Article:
I know there are some actors who resent the idea that puppeteers are considered actors. I think that’s ridiculous. I really do. Just because we actors who are not puppeteers are into ourselves, who are our instruments, of course we can get a limitless number of nuances from your own self, because we human beings have so many more capabilities than a fabricated puppet. But the fact that great puppeteers can simulate, come close to, this human sensibility is just phenomenal.
I admire anyone who even tries to be a puppeteer, not to mention the ones who are really good at it. I’ve never seriously tried on any puppets – I’ve put them on my hand – but the best experience I’ve had on camera, to give me a sense of this heightened respect, is I did an “Elmo’s World” where the topic of the day was hands. I don’t think I had a puppet on my hand, I think it was just my hand, Gordon’s hand. But first of all, the physical…
JMS: Just holding your hand up there.
RO: That was enough right there to say, “Well, that’s it. I could never do this.” Eventually, about halfway through the taping of the segment, Matt Vogel had to come in and hold my arm up. Because there was no other way I was going to get through it! To hold your hand up that long, and manipulate, even without having the puppet! And then to do the scene, because I’m talking as a hand, wow! I had no idea how difficult just that part of it is. But at the same time, to do a character, and make it distinguishable.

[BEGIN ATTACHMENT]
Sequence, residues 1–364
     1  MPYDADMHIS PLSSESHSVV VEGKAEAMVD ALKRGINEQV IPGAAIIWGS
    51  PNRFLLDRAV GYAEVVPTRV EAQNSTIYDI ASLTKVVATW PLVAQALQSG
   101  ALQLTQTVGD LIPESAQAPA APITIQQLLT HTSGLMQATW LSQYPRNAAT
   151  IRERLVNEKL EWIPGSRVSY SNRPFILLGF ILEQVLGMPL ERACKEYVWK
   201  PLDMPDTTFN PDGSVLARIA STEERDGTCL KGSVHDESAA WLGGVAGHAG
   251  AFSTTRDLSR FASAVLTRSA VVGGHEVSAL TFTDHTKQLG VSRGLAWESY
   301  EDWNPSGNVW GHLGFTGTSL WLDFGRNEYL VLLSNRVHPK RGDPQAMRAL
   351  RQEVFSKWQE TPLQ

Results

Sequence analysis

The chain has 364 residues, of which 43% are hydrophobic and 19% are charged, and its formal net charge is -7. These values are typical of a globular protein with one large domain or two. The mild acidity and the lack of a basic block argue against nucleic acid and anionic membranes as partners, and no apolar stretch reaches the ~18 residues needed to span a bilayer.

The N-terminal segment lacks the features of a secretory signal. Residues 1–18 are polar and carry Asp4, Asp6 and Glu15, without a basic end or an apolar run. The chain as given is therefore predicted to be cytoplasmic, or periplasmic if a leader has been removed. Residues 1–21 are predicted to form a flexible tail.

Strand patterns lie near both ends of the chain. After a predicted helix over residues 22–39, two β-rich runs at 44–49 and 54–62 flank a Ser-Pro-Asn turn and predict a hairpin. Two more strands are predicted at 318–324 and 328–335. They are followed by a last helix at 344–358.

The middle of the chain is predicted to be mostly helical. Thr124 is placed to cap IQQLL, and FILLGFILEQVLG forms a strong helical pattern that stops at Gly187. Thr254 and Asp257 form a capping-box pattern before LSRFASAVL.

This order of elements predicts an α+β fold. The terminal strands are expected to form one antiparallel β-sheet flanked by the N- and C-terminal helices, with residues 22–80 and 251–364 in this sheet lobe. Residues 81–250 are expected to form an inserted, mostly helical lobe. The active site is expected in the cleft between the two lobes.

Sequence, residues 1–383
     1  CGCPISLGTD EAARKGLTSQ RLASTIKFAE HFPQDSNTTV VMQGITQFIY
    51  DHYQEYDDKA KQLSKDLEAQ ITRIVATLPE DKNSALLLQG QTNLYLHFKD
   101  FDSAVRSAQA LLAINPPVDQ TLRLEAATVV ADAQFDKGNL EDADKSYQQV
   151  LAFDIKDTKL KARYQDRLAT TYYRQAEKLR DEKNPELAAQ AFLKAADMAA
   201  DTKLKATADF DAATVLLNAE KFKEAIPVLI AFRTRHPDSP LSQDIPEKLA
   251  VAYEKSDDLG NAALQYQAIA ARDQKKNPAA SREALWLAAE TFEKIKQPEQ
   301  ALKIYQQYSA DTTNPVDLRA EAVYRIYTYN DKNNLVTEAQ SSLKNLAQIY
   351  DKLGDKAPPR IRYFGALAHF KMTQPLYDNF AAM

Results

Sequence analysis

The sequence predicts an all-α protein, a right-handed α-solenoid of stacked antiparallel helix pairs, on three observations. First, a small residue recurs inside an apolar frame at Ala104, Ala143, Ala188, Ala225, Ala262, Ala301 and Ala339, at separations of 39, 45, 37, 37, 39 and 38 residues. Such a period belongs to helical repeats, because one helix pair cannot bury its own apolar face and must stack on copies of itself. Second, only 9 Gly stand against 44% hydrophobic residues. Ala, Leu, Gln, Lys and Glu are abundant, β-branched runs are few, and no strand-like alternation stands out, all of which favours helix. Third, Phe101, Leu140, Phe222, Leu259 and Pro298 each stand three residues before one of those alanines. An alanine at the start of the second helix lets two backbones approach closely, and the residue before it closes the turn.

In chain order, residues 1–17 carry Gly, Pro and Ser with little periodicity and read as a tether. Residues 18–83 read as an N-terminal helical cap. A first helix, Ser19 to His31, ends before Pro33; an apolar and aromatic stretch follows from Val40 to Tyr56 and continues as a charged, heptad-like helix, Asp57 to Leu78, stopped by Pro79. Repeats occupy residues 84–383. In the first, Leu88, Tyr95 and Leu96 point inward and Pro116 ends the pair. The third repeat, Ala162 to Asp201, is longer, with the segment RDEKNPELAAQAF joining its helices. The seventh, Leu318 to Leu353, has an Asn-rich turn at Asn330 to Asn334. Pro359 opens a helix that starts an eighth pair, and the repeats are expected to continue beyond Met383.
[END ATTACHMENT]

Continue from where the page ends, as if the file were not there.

It was very informative to me to stand and watch the segment between Robert DeNiro and Elmo, when DeNiro was on the show around ten years ago. Obviously DeNiro is considered to be one of the greatest film actors, ever. I’m a huge fan, I think he’s one of the best, but he was completely disarmed and disoriented in working with Elmo. He wasn’t really interacting with the puppet.
I contrast that with certain performers, like Robin Williams, Whoopi Goldberg, Billy Crystal. They’re like Muppets themselves. They are human Muppets. So they get it right away. You put them in a scene with a Muppet, they’re equals.
It took me probably one season of primarily looking at the kids, my first year on the show. It’s something you have to learn how to do.
JMS: Do you have any thoughts on this year’s Tony’s? In your book, Sesame Street Dad, you talk about the opportunities for black actors on Broadway in the late 80s, and how it’s never really been repeated, but this year it seems like things might have changed.
RO: Oh yeah, I think this was a really good year, for African-American performers in particular. I’m hoping I can arrange to get some tickets for Trip to Bountiful, I want to see Cicely [Tyson]’s work. But there are many film actors who are not really good stage actors. There’s a different craft involved. You’ve got to project, and you’ve got to have a certain presence. Stagecraft, knowing how to move. So I’m really intrigued about her performance.
The first film I ever did, Willie Dynamite, fortunately I had a large role so I had time to develop an understanding of how you had to just tone down everything. It was kind of a large character anyway, so I could play him large, but by the end of the filming, I think I had really begun to understand the differences between film and theater acting.
I really admire great film actors. But it’s different. And there are only a few lead actors who continually make that transition back and forth. Like Dustin Hoffman, Denzel Washington, and Al Pacino. But there are people like DeNiro and others, he went back, he did a small production of something twenty years ago, and said, “Okay, that’s it, I’m not going to do theater anymore.” But he had really perfected that minimalist style of film acting.
Acting and preparing for the stage requires a different kind of commitment, in terms of memorizing a whole play, as opposed to, you get a page every day or two on the set of a movie, and you don’t have to stick exactly to those words. Good directors don’t exactly want you to.